Do you find yourself moving more overseas to do projects? Is the U.S. maxed out?

I don’t want to go overseas to do projects. What I found is that even though it’s a lot of fun to travel, it’s too hard. It’s hard to do a continuing project and connect with people and be able to go back. I’m always arriving and being told, “Oh, you should have been here last week! That’s when we really had the big thing,” or “Wow! It’s coming up next week,” but I’ve already gotten my ticket home.

What projects are you working on now?

There’s a neighborhood in Baltimore called “SoWeBo” — South West Baltimore — after Soweto in South Africa. The name of it appealed to me as much as anything else. And I found a little house there. There are no stores, there are no Starbucks; it hasn’t gentrified yet. There’s a liquor store, I think. But I met this couple and they said, “We’re going to make this place into Georgetown!” And all this is right on my street. A block away there’s one of the oldest stables in America. They have 18 horses and they have these guys called “A-rabs”, and they go round the neighborhood with horse carts selling produce. There’s another Baltimore tradition of painted screens. People paint their screen doors and windows so you can’t see in through them. There aren’t that many left; the screen painters have all pretty much passed away, but I did see a few. And this is all in my neighborhood. This is urban folklore in Baltimore.

How do you choose your projects?

Something about it has to excite me in order to invest so much time and money in it. I like to feel that I’m investigating something that hasn’t been extensively covered before, though in the world today, that’s practically impossible. But graffiti was like that, and when I started covering hip-hop, the words weren’t even in use. And I got into that through break-dancing, which I’d never seen before and wanted to pursue. And my neighborhood in Baltimore, I feel that there has not been any documentation about it.

A lot of other projects are just given to me. I do them with somebody because it’s their project, not mine. I’m pretty much a jack-of-all-trades; I’ll do anything. I’m fortunate that I don’t have to go out looking for work; work comes to me. At this point, I don’t even have a portfolio.

Do you have any dream projects in your head?

Well, the Baltimore project is the one that’s kind of taken over my imagination right now. The thing that’s different about Baltimore is that it’s all my own. I’m not working with anybody else; it’s just me so I’m completely free to decide what I want to shoot and how far I want to take the project. There’s no pressure to satisfy someone else; I just have to satisfy myself. And when I get a good picture, it’s very exciting. When I see kids playing in inflatable pools on the sidewalk, I get a buzz! So Baltimore in some ways is my dream project because I can take what I’ve learned in the last 20 years and apply it to a fresh site. There’s nothing like going to a new place to get your juices flowing. But I can also come back to New York easily. It’s like traveling — I call it my “country house” even though it’s very urban. Going there evokes the same kind of joys of traveling, but without the inconveniences. I can go back and forth. For instance, I was in Baltimore for the past three days, I came back here for two days, and tomorrow I’m going there again.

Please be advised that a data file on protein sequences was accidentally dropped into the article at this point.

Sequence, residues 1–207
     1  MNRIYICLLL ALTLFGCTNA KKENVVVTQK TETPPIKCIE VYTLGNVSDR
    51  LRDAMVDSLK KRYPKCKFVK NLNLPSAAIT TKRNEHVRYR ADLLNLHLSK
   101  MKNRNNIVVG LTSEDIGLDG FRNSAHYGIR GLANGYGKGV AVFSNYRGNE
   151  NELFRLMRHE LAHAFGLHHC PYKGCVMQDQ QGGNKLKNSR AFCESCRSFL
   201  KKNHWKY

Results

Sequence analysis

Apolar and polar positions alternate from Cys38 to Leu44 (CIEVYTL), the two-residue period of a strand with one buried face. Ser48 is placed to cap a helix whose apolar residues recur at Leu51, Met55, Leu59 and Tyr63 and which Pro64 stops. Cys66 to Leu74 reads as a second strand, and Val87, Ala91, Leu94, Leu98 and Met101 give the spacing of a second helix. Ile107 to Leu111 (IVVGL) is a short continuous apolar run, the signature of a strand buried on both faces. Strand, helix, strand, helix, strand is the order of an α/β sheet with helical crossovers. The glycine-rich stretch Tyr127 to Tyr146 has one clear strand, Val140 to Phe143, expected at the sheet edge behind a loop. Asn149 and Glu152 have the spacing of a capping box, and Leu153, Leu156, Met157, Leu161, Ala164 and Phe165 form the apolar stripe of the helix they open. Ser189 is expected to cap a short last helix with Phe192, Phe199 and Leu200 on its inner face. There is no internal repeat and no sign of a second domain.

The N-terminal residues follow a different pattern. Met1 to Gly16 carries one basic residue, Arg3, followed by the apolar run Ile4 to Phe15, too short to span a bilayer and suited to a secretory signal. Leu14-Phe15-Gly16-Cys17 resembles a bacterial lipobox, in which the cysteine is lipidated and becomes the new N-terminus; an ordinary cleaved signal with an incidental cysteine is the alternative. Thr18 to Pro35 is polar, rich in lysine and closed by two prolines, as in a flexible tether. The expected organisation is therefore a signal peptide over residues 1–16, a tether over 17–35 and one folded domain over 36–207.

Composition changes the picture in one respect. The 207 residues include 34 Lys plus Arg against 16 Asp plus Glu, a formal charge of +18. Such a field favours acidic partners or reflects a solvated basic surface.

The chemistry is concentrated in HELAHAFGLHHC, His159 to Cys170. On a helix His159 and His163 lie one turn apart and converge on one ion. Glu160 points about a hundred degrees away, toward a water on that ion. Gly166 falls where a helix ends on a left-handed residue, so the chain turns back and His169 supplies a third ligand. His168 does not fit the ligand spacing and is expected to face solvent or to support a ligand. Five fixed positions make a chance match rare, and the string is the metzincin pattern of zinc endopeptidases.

There are other projects that I would like to do. For instance, I lived in Japan for a couple of years in the 1970s. And I’m trying to put those photos together into a book. I have enough photos for a hundred projects. So I’m now thinking I should start to put them together.

Has it been hard at times to get other people interested in the projects you’re interested in?

Yes. It’s definitely hard to get them published. For instance, for years I’ve documented vernacular architecture. I have huge files on vernacular architecture in New York that I have on my computer. And I’ve had all kinds of book proposals out and I’ve gotten grants to do this, but I’ve not been able to get a publisher. And when you look at architecture books in stores and you see all this formal architecture but there’s not even one book on urban vernacular structures. My photos have to do with surviving in the city and finding interesting ways to ply your trade without spending a lot of money; for example, by squeezing a tiny store between buildings. And there’s all kinds of personalized things: door-handles, signs, awnings, and menu holders. There are many different ways that individuals transform the city. That’s my theme. But I’ve just not been able to get anywhere with this in terms of publishing it. My idea was to simply publish it as a little book similar to the one I did on memorial walls. And I have contacts with publishers — it’s not like I’ve never been published. But they just look at it and say, “Nah, won’t sell,” but I think it would sell. I just think that people walk up and down the street and they don’t notice these things.

I remember you told me how much trouble you had getting Subway Art published.

Exactly. But when I did get it published, the same publisher published Memorial Art and I would have thought—it’s an architecture publisher—that I would have been able to talk him into this one too. But I have not been able to get anywhere. What I’ve decided is that the longer I wait, the more interesting these photos become as the city changes. Most of the structures are already gone. It’s hard to get these projects out there. And if they’re not published, what’s the point really? I shoot for my own pleasure of course, but to me, a project isn’t really successful until it’s in some form that is tangible and public.